The Government announced a consultation for its new "Digital Services Tax" today (it was trailed in the Budget last week). The consultation document sets out a number of possible models for the new tax.
It's a tricky proposition as the tax is targeted by reference to certain kinds of business activity (social media platforms, search engines, online marketplaces) and only if they exceed a certain size threshold (£500m+ global revenue and £25m+ UK revenue). The broad idea is that if you meet these business and size criteria, then your revenues (not profits) generated from users in the UK will be subject to the new 2% tax from April 2020.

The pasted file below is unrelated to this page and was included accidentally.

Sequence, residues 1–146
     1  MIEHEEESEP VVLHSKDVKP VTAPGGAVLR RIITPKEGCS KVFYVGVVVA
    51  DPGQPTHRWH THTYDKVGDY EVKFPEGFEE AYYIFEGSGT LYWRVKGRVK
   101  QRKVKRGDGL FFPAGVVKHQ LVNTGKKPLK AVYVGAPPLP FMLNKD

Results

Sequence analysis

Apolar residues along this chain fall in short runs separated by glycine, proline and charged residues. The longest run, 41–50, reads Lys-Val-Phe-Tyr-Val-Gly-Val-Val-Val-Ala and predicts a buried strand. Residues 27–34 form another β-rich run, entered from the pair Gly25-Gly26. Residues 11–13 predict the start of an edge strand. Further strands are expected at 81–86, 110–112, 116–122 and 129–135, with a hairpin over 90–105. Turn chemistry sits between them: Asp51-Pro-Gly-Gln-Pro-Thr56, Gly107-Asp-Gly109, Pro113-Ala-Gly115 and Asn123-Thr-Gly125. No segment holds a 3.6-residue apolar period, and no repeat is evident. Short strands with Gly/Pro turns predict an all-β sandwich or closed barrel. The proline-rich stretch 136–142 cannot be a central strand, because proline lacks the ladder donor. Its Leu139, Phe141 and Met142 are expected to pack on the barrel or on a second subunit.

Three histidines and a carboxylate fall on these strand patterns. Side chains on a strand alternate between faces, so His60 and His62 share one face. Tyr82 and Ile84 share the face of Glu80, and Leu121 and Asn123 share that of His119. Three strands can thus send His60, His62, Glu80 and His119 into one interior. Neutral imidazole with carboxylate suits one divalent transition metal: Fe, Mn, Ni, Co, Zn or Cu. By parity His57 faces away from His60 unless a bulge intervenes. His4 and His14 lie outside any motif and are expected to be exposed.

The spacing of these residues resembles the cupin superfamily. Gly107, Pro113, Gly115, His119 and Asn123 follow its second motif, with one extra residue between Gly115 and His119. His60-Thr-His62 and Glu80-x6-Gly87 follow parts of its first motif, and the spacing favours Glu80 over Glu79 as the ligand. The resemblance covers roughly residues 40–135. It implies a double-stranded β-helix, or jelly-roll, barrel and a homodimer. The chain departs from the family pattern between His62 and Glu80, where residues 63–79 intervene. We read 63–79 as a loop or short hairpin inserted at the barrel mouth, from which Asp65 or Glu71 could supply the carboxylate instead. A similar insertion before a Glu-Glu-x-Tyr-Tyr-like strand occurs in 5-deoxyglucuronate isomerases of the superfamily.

And while the government has declared its intention to tax all revenues from those kinds of business, it is reasonable to expect that a large proportion of those revenues will be advertising revenues.
So who will actually end up bearing this tax? Will the big platforms just absorb it themselves? Or will it end up being factored into pricing, and so passed on to those purchasing digital ads? Answers on a postcard...
The government has announced that it will introduce a new Digital Services Tax in April 2020. This is designed as an interim response, pending global reform, to the challenges that digital businesses create for the international corporate tax system, as set out in the government’s previous position papers.